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Doctors Say HealthCare Mandate Essential

November 18, 2014

While state lawsuits against the Affordable Care Act (ACA) continue, physicians are presenting their side of the argument. According to an article published this week in the Journal of the American Medical Association (JAMA), the individual mandate that all must have health insurance is the only way to expand health care access and keep costs from ballooning.

The United States’ response to the plaintiff’s motion in Coons v. Geithner is due on Aug. 10, and this week’s JAMA will come out on the same day, including a commentary by Dr. Edward Miller, dean and CEO of Johns Hopkins University School of Medicine, and Dr. Scott Berkowitz, assistant professor and medical director for Accountable Care for Johns Hopkins.

“As policymakers and the judiciary consider these challenging issues, the focus should and must remain on patients,” Miller wrote. “In the end, the health of patients relies on the health of the system providing their care, so it is imperative to get it right, and the individual mandate is an important step in that direction.”

It’s been nearly a year since the Goldwater Institute filed its lawsuit against ACA on Aug. 12, 2010 (Coons v. Geithner), and the briefing schedule is set for this fall. The suit targets the mandate requiring individuals to purchase health insurance. The mandate, and therefore the entire law, was rejected in a Florida federal court.

The judge described the mandate as an unwarranted intrusion into people’s individual choices. “Or, as discussed during oral argument, Congress could require that people buy and consume broccoli at regular intervals,” Roger Vinson, judge with the United States District Court for the Northern District of Florida, wrote in his ruling.

“Not only because the required purchases will positively impact interstate commerce, but also because people who eat healthier tend to be healthier, and are thus more productive and put less of a strain on the health care system,” the judge concluded.

Vinson said the issue was not about the health care, but that the requirement was unconstitutional, after Florida’s challenge was overruled in the 11th Circuit Court of Appeals in January. A statement released by the Department of Justice said there was a “clear and well-established legal precedent that Congress acted within its constitutional authority in passing this law, and we are confident that we will ultimately prevail on appeal.”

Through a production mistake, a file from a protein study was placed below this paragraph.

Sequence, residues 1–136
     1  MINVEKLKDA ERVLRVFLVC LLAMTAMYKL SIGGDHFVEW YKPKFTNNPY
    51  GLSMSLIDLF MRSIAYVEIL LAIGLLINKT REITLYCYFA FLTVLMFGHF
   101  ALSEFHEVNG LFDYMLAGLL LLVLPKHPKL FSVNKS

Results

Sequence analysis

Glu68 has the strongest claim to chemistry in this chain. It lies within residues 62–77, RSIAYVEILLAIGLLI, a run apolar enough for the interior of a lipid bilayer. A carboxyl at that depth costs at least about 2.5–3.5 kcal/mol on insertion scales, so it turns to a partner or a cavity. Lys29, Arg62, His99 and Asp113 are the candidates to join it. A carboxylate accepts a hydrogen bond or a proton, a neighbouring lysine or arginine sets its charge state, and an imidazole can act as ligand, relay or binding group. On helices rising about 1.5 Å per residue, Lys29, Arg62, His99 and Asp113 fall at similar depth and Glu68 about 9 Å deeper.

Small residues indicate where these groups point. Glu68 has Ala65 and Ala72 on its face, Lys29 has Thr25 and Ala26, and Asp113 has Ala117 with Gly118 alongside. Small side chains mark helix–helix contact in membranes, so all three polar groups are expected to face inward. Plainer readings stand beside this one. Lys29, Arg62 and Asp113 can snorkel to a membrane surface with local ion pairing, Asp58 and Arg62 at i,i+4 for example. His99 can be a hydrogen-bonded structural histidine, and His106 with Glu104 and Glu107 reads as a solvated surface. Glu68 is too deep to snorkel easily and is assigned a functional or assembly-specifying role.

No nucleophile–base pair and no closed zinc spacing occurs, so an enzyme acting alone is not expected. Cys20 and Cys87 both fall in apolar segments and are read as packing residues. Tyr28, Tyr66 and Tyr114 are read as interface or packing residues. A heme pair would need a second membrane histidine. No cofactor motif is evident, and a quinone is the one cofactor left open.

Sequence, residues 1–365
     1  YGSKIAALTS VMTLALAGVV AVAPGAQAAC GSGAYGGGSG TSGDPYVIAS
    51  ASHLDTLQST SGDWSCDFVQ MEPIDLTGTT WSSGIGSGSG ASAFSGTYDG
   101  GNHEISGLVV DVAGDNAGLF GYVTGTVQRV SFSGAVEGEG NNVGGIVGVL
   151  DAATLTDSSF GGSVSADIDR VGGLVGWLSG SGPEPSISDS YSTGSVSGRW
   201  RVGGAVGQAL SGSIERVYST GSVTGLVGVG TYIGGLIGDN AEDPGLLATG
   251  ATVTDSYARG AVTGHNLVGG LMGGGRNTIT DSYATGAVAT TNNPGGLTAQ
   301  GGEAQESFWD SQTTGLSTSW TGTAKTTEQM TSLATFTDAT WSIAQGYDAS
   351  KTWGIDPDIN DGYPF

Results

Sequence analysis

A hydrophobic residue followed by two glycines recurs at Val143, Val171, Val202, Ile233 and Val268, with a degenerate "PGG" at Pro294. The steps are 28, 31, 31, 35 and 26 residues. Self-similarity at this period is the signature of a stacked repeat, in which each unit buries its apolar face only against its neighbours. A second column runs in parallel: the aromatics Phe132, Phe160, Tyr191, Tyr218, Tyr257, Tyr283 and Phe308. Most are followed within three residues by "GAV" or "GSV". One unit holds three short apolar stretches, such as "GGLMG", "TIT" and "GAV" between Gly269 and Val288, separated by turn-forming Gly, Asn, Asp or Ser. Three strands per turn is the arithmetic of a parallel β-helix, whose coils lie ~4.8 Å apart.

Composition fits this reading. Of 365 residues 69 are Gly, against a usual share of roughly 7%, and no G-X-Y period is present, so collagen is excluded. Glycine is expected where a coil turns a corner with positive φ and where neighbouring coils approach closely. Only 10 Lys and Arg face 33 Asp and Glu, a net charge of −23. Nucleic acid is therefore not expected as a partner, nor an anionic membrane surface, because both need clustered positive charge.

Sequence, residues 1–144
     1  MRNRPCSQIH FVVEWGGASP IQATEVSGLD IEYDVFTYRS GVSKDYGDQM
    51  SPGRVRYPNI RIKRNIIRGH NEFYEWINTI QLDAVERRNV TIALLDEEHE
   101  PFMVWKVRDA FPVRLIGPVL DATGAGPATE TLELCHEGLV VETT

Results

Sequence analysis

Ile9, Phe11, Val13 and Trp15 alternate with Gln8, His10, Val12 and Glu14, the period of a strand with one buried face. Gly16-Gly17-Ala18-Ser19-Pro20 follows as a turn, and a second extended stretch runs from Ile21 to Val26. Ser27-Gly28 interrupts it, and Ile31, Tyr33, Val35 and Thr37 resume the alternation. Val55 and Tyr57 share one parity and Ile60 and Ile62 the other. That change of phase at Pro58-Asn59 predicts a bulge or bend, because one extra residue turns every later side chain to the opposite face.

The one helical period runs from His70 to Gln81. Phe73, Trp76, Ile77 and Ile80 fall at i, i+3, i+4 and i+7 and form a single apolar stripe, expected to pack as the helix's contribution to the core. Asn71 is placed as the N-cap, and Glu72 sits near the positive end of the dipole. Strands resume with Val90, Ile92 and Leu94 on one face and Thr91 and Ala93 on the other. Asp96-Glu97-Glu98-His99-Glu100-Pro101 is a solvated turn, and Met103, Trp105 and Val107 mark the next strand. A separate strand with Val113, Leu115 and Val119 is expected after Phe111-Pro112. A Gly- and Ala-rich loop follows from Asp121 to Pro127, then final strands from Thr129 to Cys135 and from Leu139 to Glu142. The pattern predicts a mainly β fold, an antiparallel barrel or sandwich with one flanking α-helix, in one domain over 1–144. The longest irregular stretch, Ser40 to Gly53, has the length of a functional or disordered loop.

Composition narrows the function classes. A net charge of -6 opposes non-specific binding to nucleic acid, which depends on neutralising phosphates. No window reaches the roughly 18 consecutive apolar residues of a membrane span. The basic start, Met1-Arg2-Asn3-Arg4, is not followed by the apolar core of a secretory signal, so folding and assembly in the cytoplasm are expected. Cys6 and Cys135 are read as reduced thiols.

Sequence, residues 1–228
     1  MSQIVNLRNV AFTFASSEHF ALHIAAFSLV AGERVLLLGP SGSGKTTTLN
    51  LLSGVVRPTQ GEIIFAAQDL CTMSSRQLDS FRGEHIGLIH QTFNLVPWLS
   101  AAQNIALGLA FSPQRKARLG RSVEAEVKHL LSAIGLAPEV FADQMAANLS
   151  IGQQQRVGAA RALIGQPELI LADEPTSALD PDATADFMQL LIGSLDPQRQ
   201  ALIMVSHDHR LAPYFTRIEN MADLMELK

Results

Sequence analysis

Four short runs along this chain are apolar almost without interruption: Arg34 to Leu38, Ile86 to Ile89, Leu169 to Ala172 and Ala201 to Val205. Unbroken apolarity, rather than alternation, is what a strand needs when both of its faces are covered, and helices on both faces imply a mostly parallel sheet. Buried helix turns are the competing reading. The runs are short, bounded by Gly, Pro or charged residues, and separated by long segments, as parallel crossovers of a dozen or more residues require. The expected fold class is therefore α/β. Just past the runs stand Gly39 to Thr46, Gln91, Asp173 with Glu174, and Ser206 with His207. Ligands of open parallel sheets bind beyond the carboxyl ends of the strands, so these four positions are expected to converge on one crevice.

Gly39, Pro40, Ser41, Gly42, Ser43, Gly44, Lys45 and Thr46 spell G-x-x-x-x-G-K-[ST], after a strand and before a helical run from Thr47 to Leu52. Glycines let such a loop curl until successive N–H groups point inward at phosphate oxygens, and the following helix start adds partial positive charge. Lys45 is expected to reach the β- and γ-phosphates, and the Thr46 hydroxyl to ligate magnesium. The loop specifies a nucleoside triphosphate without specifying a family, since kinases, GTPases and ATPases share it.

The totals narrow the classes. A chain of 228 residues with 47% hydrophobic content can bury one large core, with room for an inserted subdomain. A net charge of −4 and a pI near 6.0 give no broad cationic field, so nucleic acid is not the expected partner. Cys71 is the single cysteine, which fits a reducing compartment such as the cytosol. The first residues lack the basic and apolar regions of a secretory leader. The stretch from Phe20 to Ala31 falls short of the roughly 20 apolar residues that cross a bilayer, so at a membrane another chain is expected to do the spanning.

Acts like the Social Security Act and Minimum Wage Act were challenged in lower courts and ultimately integrated into the legal system.

Miller’s and Berkowitz’s view is that the individual mandate will eliminate “free riding,” in which patients choose not to buy health insurance but still obtain health services, at everyone else’s expense. Making sure everyone is insured would stabilize insurance premiums, according to the doctors.

“Health care costs are reaching crisis levels and inadequate health insurance is a significant contributor,” Miller wrote. “According to the federal Department of Health and Human Services, in 2008 alone, an estimated $73 billion in uncompensated health care was provided in the United States, resulting in as much as a $1,000 increase in annual family health insurance premiums.”

The individual mandate should greatly reduce the level of uncompensated care and the resulting need to pass these costs on to those with insurance,” Miller stated.

Berkowitz added that for individuals who cannot afford health insurance, it’s a “societal obligation” to remedy that and find a way to provide those individuals with health care, but “‘free riding’ cannot be sanctioned.’”

Miller wrote that it should be clear to observers that the nation’s health insurance system has historically been dealt with in an “unfair, inequitable, and unsustainable” way.

“Ensuring that the maximum number of people possible have health insurance is crucial in improving access to, and the quality of, care,” Miller added.

In addition to Coons v. Geithner, Thomas More Law Center v. Obama is challenging the ACA under the Commerce Clause and arguing that the bill violates the 1st Amendment’s right to free exercise of religion as well.



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